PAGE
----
As prepared for delivery
Thank you all for being here. It’s great to be with you today. We are excited to host this event to bring together Treasury and other government officials, civil society, and financial institutions to discuss ways that we partner to combat human rights abuse and corruption around the globe.
When government officials abuse their positions for their own financial gain, they undermine the rule of law, take from their own people, and perpetuate violent conflict. Too often, we see corrupt officials commit terrible violence as part of their campaign to cling to power and to the spoils of their activity.
Treasury has demonstrated its resolve to identify and hold accountable human rights abusers, facilitators of human trafficking, and corrupt actors who undermine peace, stability and the rule of law.
Today is an opportunity for all of us who are aligned in this fight to better understand one another’s authorities, capabilities, and priorities in combatting human rights abuse and corruption.
We all have important roles to play.
First, I’d like address NGOs and the private sector.
NGOs have an invaluable level of detail and expertise of the goings on within a country based upon their focused and direct, on-the-ground experience. NGOs are extremely helpful in enhancing Treasury’s historical and situational awareness.
We look to you to be our eyes on the ground both to track individual crimes and abuses and, more broadly, to understand when whole governments bear responsibility. In South Sudan, for example, we have closely followed the government’s repeated use of extra-judicial killings and human rights abuse to silence political dissent, maintain the political status quo, and stoke ethnic divisions that have simmered since South Sudan’s formation. For that reason, today, we are designating two cabinet-ranking officials in the South Sudanese Government for their role in inhibiting political unification, expanding the conflict, and profiting from South Sudan’s war economy. NGOs have provided documented findings and brought international attention to South Sudan, which helped support today’s designations.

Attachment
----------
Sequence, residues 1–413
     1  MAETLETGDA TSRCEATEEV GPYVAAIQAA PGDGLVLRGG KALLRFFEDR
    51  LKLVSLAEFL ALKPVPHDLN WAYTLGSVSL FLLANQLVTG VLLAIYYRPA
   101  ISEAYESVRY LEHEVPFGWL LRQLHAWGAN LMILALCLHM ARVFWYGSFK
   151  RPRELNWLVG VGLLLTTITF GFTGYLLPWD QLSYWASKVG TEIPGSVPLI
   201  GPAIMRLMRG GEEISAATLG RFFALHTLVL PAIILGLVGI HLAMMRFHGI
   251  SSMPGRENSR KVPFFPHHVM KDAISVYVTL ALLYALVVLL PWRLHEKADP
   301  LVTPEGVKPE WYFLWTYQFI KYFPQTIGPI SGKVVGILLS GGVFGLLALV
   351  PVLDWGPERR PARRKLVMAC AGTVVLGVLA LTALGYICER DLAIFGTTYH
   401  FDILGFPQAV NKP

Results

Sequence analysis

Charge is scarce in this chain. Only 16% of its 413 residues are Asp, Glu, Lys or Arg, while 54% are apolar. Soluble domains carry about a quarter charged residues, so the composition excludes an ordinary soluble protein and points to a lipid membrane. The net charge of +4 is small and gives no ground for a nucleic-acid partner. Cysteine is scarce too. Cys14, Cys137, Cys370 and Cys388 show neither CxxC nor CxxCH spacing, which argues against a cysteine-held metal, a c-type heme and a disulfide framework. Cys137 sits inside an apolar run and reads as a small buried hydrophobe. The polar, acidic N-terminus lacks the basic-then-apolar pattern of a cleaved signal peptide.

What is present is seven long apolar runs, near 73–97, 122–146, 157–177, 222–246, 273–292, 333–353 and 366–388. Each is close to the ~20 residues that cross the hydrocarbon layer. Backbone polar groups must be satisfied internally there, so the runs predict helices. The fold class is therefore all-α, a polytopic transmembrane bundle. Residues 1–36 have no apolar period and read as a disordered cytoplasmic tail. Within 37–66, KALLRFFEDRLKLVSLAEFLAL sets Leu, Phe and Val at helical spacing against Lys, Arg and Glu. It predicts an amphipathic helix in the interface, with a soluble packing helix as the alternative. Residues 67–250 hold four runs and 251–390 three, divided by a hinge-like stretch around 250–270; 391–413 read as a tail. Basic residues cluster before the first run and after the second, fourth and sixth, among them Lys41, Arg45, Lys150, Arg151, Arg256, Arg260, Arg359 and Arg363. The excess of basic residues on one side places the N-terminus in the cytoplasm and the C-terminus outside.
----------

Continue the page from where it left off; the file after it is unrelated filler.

Separately, financial institutions and the private sector have the ability to identify and act against illicit activity, amplifying the effect of our actions. When Treasury takes action, the private sector immediately responds. By blocking funds or rejecting transactions, you take away the financial fluidity of malign actors.
Additionally, the private sector can help Treasury identify new areas of increased risk, as well as the trends, means and methods illicit actors use to abuse the financial system.
As an example, FinCEN is using information provided by financial institutions through Suspicious Activity Reports (SARs) to proactively identify new trends in human smuggling and human trafficking.
Let me now take a minute to highlight Treasury’s work to combat human rights abuse and corruption around the globe.
Treasury has imposed direct consequences through sanctions on over 700 individuals and entities with links to human rights abuses and corruption around the world, including in South Sudan, the DRC, Venezuela, Nicaragua, Mexico, Syria, Iran, Cambodia, Burma, China, and Russia.
We have issued numerous advisories through FinCEN providing detailed information about the typologies of malign activity that we see. Theses advisories expose illicit networks and provide red flags to financial institutions and other interested parties who are tracking bad actors.
We consistently work with foreign governments, the financial sector, and business communities to identify and financially isolate our targets.
It’s important to remember that Treasury actions don’t just block assets or prevent illicit flows, they cause corrupt officials and those who facilitate illicit activity significant reputational damage. This can result in dismissal from formal commercial or official positions, and trigger the initiation of investigations or legal proceedings.
It is this combination of direct action and the threat of additional actions that pressures these malign actors to change their behavior.
To conclude, today you will hear Treasury employees expand on our various financial tools and authorities, as well as the type of information and evidence that supports these efforts. You will also hear from NGOs and financial institutions about ways to share information about known and suspected illicit activity.
Combatting corruption and human rights abuse is in the best interest of the business community, the U.S., and humanity. You are all key partners on the front lines of these critical issues
I know it will be a mutually beneficial day, and I look forward to our work together as part of this effort.